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Rhino Fitness founder Cris LaBossiere has been using heart rate monitors since 1988.

"Polar heart rate monitors have been the most reliable monitors I've used. They have the best features at the best price."

- Cris LaBossiere

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Age based heart rate formulas; Do they work?

Click here to listen to a 60 second summary of this article by Cris LaBossiere

Heart rate is one of the most important variables to pay attention to during exercise, but do heart rate charts really account for all the differences between people and peoples fitness goals? No. It's one of the biggest urban exercise myths ever. Many aerobics instructors, spin class instructors, and personal trainers point to these charts. But none of the top fitness pro's do. Find out why.

Above is an example of the typical heart rate charts found on exercise equipment, in magazines, even doctors offices. The numbers are based on population averages, but can't be accurately applied to any one individual because of differences in fitness, genetics, and health. For instance, there is no research showing that a persons heart will be more "healthy" when exercised at 50% of maximum heart rate as opposed to any other intensity.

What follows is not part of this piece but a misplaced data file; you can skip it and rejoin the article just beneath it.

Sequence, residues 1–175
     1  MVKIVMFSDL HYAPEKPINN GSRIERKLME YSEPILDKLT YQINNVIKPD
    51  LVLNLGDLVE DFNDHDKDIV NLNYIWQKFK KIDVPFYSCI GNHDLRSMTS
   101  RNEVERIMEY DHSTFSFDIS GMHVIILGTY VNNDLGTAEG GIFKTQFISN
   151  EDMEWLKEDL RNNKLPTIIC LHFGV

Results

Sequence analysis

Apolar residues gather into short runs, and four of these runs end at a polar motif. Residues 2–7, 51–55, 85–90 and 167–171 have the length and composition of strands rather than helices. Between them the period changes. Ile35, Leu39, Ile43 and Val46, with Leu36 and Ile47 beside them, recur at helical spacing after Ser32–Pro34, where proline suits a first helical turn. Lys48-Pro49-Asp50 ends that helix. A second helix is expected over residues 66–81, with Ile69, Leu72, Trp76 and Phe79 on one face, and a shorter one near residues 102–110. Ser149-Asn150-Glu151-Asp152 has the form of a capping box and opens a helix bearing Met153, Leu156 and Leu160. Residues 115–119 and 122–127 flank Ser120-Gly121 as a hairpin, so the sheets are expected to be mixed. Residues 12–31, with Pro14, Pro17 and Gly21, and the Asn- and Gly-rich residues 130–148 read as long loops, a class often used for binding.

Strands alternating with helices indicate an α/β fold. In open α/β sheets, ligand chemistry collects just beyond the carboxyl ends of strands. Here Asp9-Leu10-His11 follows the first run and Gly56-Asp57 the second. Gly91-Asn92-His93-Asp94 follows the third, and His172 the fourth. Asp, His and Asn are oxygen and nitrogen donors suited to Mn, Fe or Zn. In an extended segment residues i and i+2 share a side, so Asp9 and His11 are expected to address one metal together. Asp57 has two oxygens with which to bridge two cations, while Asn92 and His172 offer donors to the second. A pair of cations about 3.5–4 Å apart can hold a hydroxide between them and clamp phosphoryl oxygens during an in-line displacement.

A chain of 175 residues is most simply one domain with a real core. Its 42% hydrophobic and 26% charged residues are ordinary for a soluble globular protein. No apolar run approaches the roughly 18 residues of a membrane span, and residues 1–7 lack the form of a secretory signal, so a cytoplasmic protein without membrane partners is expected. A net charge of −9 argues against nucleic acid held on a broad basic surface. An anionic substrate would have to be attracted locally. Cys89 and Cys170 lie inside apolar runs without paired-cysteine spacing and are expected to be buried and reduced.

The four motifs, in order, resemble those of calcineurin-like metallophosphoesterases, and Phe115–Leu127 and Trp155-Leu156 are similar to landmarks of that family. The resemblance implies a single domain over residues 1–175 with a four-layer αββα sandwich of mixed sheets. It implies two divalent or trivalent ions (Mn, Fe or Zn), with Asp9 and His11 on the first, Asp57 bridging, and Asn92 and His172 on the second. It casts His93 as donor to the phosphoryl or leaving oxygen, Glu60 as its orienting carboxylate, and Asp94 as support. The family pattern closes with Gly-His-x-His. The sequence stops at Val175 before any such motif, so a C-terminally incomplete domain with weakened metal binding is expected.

The zones 50% to 75% will all be largely aerobic for the average exerciser, so why does only one zone get the "aerobic" label? An untrained person may become anaerobic at as little as 60% of max HR, where a fit person may need to push above 90% of their max to become predominantly anaerobic. Also, to burn fat you must be aerobic. If there are separate aerobic and fat burning zones a person who doesn't know any better might believe that being aerobic is exclusive of fat burning. These charts don't educate people, they misinform people.

The "fat burning zone" is misleading. When I ask people why they exercise in the charts fat burning zone, they look at me as though I've just asked the most stupid and redundant question possible, "to lose fat of course!". Uh hu. Good luck with that. Fat loss occurs when you burn off more calories than you eat. It has nothing to do with a "fat burning zone". That idea went out the window long ago.

It may be true that in terms of using fat as a fuel there is a "zone" where the body uses more fat compared to lower and higher intensities, (which by the way is specific to each individuals level of conditioning, and is not accurately captured by these charts), but using fat as a fuel does not translate into losing fat. If you burn off 500 calories exercising in your fat burning zone, then overeat by 500 calories on the same day, you gain fat, not lose fat. Calories in - calories out, that's what matters for fat loss.